Initially unwilling to accept the idea of an identification of the nervous flux with electricity, Fontana gradually changed his mind in the course of his research so that finally “he thought in terms of an electric fluid and said the nerves would be the organs destined to conduct this electric fluid and perhaps even to excite it. This is, perhaps, the first suggestion that the production of electricity might be excited by the nerves rather than merely conducted by them as by wires” (Brazier, p. 110).
The research on the movements of the iris (1765) and on viper venom (1767, 1781) is strictly tied to irritability. Fontana observed that the reflex response to light of the pupil of one eye also occurs in the other eye, although it is not exposed to light; in a frightened or excited animal the pupil is dilated and remains so, even if the eye is struck by light; and the pupil of the animal eye is strongly contracted during sleep.
After a series of impressive and ingenious experiments, Fontana retraced the action of the bite of the viper to an alteration in the irritability of the fibers, which he maintained was mediated by the blood: in other words, the viper’s poison directly alters the blood, coagulating it, and this in turn alters all parts of the organism—especially the nerve fibers—that the blood would normally nourish. Fontana extended his toxicological experiments to other substances, especially to curare.
Fontana also took advantage of microscopic investigations to complete the characterizations of the parts of the animal body which Haller had based upon irritability and sensitivity. The use of the microscope was at that time especially difficult, because of the illusory images abundantly produced by contemporary instruments. Although Fontana was unable to do away with these images—one can visualize his “tortuous primitive cylinders”—he nonetheless belongs, together with L. Spallanzani, among the major microscopists of the eighteenth century. In the nerve fibers (his “primitive nerve cylinders”) he not only distinguished “the axone with myelin sheath and endoneural sheath” (Zanobio , p. 307) but also recognized the fluidity of the axoplasm through accurate research of micromanipulation in which he took advantage of the use of the coverglass (Hoff , p. 377). Thanks to the microscope, Fontana was able to demonstrate in 1778–1779 that the restoration of an interrupted nerve trunk may be traced to a real and actual regeneration of primitive nerve cylinders, or rather, of nerve fibers. Since 1776 Fontana had studied microscopically the “little red globes of the blood” and, discarding the illusory images observed by G. M. della Torre, he attributed to them a spheroidal configuration, modifiable with extreme ease under certain physiological conditions. In fact, the red corpuscles become noticeably elongated (by one third, by one half, or even to twice their diameter) when they cross a blood vessel: the corpuscles assume a cylindrical configuration and retain it as long as the canal remains narrow; but as soon as the canal increases in width, the corpuscles immediately contract and resume their original shape.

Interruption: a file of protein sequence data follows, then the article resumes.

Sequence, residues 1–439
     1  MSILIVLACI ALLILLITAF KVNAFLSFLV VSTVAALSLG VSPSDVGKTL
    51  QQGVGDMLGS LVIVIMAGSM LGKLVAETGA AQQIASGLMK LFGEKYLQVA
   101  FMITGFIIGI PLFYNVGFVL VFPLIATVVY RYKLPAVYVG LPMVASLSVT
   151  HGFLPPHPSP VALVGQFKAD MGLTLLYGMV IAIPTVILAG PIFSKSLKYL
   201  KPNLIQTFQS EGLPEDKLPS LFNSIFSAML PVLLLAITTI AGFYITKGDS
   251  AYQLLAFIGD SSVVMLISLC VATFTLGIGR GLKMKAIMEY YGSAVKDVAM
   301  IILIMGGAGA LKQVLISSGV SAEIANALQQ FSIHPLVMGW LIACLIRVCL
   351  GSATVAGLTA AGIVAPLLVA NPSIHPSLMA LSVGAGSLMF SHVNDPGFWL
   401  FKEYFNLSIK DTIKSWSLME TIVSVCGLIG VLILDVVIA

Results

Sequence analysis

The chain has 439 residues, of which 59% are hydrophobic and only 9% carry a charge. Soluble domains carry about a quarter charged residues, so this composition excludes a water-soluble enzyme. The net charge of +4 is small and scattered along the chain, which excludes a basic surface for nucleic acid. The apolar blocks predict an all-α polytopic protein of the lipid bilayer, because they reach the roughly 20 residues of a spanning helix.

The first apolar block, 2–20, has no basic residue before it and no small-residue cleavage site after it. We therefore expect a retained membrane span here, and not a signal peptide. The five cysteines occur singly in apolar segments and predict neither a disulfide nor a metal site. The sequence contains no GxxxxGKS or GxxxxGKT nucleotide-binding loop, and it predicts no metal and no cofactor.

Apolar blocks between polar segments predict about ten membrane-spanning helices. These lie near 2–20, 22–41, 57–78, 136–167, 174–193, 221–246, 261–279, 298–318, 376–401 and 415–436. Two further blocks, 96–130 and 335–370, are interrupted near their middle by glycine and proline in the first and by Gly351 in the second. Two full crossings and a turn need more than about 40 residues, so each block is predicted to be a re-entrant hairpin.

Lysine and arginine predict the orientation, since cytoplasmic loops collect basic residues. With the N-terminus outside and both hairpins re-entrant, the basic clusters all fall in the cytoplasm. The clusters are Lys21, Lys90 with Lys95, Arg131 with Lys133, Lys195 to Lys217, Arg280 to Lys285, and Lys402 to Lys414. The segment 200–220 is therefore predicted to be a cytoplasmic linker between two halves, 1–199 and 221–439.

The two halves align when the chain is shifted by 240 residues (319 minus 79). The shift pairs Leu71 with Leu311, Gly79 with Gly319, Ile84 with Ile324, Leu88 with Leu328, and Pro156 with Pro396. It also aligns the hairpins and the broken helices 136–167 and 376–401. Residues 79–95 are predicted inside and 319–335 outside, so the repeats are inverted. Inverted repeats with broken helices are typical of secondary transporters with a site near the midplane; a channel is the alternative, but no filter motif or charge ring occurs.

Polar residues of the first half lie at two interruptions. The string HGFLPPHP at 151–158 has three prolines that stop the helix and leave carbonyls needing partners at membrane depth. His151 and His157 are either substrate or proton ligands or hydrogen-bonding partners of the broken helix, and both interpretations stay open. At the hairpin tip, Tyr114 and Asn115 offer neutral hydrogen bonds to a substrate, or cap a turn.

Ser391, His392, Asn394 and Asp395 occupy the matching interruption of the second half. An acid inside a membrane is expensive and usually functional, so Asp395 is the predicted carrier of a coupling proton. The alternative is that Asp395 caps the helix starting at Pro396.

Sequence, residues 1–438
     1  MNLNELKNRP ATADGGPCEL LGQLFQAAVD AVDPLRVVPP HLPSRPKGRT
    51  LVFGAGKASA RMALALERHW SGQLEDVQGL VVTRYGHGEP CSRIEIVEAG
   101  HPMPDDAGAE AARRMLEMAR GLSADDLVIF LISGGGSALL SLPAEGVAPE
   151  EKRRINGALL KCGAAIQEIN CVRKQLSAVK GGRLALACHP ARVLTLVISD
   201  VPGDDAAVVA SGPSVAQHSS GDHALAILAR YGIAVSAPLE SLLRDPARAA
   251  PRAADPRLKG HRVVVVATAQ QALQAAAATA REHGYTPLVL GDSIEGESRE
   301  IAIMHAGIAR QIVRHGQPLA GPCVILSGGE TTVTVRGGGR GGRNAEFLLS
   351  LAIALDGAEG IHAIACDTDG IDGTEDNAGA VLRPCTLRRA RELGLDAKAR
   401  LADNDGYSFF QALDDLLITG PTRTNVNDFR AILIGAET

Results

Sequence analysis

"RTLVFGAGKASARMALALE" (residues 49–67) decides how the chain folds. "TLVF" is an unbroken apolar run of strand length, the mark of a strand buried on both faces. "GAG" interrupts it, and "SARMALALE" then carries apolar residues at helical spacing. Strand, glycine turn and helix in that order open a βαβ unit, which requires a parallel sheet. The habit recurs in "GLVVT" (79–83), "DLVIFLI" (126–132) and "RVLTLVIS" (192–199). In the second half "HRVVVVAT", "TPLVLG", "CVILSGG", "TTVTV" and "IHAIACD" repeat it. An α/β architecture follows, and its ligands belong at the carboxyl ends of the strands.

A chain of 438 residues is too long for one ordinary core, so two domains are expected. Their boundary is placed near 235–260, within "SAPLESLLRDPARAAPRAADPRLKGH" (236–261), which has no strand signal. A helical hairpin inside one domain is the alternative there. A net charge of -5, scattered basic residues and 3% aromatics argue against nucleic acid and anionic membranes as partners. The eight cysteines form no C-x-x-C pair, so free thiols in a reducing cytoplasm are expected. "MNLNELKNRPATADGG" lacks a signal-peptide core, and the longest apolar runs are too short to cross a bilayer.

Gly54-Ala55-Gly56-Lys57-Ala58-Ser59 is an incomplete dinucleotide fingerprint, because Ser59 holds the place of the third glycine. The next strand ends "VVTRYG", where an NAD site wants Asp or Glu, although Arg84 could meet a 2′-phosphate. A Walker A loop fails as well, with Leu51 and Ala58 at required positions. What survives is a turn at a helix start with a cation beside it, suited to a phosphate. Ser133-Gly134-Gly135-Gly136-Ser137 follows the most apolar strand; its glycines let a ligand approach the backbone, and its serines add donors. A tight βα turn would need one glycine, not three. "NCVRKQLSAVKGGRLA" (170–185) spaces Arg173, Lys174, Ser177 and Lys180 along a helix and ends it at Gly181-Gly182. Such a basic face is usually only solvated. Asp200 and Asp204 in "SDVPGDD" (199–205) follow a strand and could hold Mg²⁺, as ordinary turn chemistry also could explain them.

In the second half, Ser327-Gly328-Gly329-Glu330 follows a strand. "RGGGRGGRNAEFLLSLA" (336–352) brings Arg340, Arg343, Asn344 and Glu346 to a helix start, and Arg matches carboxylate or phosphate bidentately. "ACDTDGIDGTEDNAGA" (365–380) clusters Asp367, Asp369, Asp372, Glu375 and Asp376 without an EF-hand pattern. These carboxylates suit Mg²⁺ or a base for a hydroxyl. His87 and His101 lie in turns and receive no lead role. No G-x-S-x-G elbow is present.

In 1766 Fontana demonstrated that the blight which had devastated the Tuscan countryside was caused by parasitic plants that feed on grain and that reproduce by means of spores. Again with the aid of the microscope, he studied the reproduction of cereal Anguillula and its anabiosis. In certain cellular elements (epithelial cells) he observed a nucleus equipped with nucleoli. His discovery of Fontana’s canal in the ciliary body of the eye is also famous.
Fontana’s biological works, which scholars of science have so far studied only fragmentarily, merit systematic investigation; and the exploration of Fontana’s chemical works begun by Icilio Guareschi, also interesting in its applicative aspects, should be continued. Also noteworthy are Fontana’s model of the eudiometer (for measuring the salubrity of air), an apparatus for oxygen therapy, and his studies on the absorbent powers of coal.
I. Original Works. Bibliographical essays on F. Fontana are contained in the works of Adami (1905), Guareschi, Marchand, and Hoff, cited below.